We have created a new legal category of crimes to name the breakdown. We have had to see and acknowledge where tolerance gives out and the human condition at its worst rushes in. We have begun to hold the question of hate, and at the same time, at the same turn, I do hear the word surfacing as a longing for our common life, quietly but persistently, and I have to say that in the wake of Orlando, it wasn't so quiet. Did you all hear that? That word “love” was everywhere.

Spiritual geniuses and saints have always called humanity to love, as have social reformers who have shifted the world on its lived axis. When the civil rights leaders began to force a reckoning with otherness in the 1960s, they did so in the name of love. The political and economic aspirations of this monumental work of social change in living memory grew from an aspiration to create the beloved community.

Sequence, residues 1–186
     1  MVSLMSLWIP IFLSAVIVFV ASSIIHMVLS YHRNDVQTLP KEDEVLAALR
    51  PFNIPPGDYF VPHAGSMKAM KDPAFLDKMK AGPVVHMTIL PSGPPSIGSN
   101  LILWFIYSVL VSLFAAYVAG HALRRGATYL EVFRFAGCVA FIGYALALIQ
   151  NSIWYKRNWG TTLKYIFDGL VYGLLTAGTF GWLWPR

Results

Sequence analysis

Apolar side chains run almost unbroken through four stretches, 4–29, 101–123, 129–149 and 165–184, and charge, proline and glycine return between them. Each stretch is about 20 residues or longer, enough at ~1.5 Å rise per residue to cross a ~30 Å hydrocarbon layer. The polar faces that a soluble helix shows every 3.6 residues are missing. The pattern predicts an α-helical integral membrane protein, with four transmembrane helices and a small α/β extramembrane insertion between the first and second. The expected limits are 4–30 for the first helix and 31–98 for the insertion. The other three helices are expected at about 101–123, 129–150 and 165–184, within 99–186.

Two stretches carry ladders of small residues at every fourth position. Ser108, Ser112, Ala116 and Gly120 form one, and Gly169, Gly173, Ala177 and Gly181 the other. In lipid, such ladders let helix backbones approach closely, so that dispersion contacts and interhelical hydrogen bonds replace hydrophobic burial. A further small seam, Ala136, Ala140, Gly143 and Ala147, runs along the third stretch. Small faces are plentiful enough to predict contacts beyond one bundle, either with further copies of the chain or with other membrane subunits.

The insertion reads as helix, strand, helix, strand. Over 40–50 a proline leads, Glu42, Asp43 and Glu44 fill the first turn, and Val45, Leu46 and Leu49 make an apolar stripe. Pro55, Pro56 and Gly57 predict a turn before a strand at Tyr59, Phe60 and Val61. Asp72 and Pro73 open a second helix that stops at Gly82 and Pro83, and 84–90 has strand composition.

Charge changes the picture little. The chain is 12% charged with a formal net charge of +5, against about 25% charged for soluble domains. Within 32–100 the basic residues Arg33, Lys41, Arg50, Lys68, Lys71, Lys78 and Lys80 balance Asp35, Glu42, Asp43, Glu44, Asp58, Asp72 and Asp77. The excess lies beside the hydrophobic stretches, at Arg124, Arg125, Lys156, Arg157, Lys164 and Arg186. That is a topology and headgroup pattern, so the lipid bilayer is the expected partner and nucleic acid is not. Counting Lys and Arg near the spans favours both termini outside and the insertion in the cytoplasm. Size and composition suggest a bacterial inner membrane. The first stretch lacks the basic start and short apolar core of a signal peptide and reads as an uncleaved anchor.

Now, love is not always or often the first response to violence and violation, one human being to another, nor can we expect it to be. Anger is also a moral response. But it seems to me worth insisting that those spaces where the worst has happened, and there are too many of them right now, those spaces do not utterly define us as a people.

Alongside our reckoning with all kinds of structural injustice and I know adequacy, there remain the quiet spaces of the every day, and in these spaces, there is immediate, abundant possibility for the power of conduct, of unromantic practical love towards creating new realities that might, over time, accompany and shape those larger challenges.